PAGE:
The fact that this putsch was so poorly organized only highlighted the fact of how easily a column of Army tanks had rolled up to the very gates of the presidential palace. Though the Tanquetazo was an abject failure, it showed that tactically, it would be a relatively simple thing to stage a full-blown coup.

Resignation

Shortly afterwards another very public incident occurred. This one involved the wives of his Generals and officers who, on August 22, 1973, staged a rally in front of his home and called him a coward for not restoring civil order in Chile. That event made clear to him that his wavring policies had no support among his fellow officers. This time General Prats resigned his position both as Interior minister and as Commander in Chief of the Army the very next day. With only two other generals in favor of a constitutional solution to the political crisis, Generals Mario Sepúlveda Squella and Guillermo Pickering (both in key troop command positions), also presented their resignations in a show of support. His replacement as Commander in Chief of the Army was his second in command and an officer thought to be loyal to Allende, General Augusto Pinochet.

General Pinochet took over the position on August 23, 1973. General Prats' retirement removed the last real obstacle for a military coup, which in fact took place only three weeks later, on September 11, 1973. Immediately after the coup, on September 15, 1973, General Prats voluntarily exiled himself and his wife to Argentina.

Death

Former Chilean General and politician Carlos Prats, after being killed in a car bomb in September 1974

On September 30, 1974, in Buenos Aires, General Prats was killed along with his wife Sofia Cuthbert, outside his own apartment, by a radio-controlled car bomb, throwing debris up to the ninth storey balcony of the building across the street. Later, it was found that the assassination was planned by members of the Chilean secret police DINA, and carried out by the American expatriate and Chilean citizen Michael Townley, who would also carry out the Orlando Letelier assassination in 1976.

The actual motivation for these assassinations will never be known. However, following the September 11 coup of the year before, Carlos Prats had not only exiled himself, he had also made statements both public and private against the Junta and Pinochet. He had also signalled his willingness to assume the role of Commander in Chief of the Armed forces in exile, or even the role of President for a shadow government or government-in-exile.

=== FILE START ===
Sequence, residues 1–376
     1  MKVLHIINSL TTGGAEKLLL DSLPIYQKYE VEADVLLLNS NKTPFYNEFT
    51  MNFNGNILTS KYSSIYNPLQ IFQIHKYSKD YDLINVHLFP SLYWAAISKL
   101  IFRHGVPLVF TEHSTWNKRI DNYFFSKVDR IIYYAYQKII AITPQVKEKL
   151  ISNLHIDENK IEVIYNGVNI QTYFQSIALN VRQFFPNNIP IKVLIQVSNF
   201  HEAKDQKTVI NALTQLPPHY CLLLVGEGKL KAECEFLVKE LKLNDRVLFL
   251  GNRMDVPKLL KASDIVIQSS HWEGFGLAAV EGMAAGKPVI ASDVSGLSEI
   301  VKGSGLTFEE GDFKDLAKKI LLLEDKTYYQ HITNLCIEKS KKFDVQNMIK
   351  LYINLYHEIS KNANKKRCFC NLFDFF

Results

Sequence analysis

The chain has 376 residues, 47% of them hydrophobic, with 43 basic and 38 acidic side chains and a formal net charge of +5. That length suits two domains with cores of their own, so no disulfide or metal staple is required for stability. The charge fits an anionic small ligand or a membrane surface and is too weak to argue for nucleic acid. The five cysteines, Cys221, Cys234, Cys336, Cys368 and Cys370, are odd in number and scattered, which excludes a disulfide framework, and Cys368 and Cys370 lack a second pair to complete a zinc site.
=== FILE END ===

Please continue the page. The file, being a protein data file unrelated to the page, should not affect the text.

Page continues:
Viewed in this context, the assassination of both Prats and later Letelier makes a great deal of sense, as both men deliberately set themselves up as potential presidents-in-waiting, and thus potential challenges to the legitimacy of the ruling Junta, and later of Pinochet himself.

Legal aftermath and investigations

In Chile, the judge investigating this case, Alejandro Solis, definitively relaxed Pinochet on this particular case, after the Chilean Supreme court rejected in January 2005 a demand to lift the ex-dictator's immunity. The direction of DINA, including chief Manuel Contreras, ex-chief of operation and retired general Raúl Iturriaga, his brother Roger Iturriaga, and ex-brigadiers Pedro Espinoza and Jose Zara, are accused in Chile of this assassination.

In Argentina, DINA's civil agent Enrique Arancibia was sentenced to life imprisonment in General Prat's case. SIDE agent Juan Martín Siga Correa has been detained by Argentine justice in 2000 on orders of federal judge Maria Servini de Cubria [1]. Martín Siga Correa was DINA's main connection with the SIDE and with Intelligence Battalion 601, and was also a member of the Tacuara Nationalist Movement.

In 2003, federal judge Maria Servini de Cubria asked Chile for the extradition of Mariana Callejas, who was Michael Townley's wife, and Cristoph Willikie, a retired colonel from the Chilean army - all three of them are accused of this crime. But Chilean judge Nibaldo Segura from the Appeals court, refused in July 2005, arguing that they had already been prosecuted in Chile[2].

It also has been claimed that Italian terrorist Stefano Delle Chiaie was involved in the murder of General Carlos Prats. Along with fellow extremist Vincenzo Vinciguerra, Delle Chiaie testified in Rome in December 1995 before judge Maria Servini de Cubria that Enrique Arancibia Clavel (a former Chilean secret police agent prosecuted for crimes against humanity in 2004[3] and Michael Townley were directly involved in this assassination[4].)

Additional information

See also

References

External links

Political offices
Preceded by
Jaime Suárez
Minister of the Interior
1972-1973
Succeeded by
Gerardo Espinoza
Preceded by
Clodomiro Almeyda
Minister of Defense
1973
Succeeded by
Orlando Letelier
Military offices
Preceded by
René Schneider
Army Commander-in-chief
1970-1973
Succeeded by
Augusto Pinochet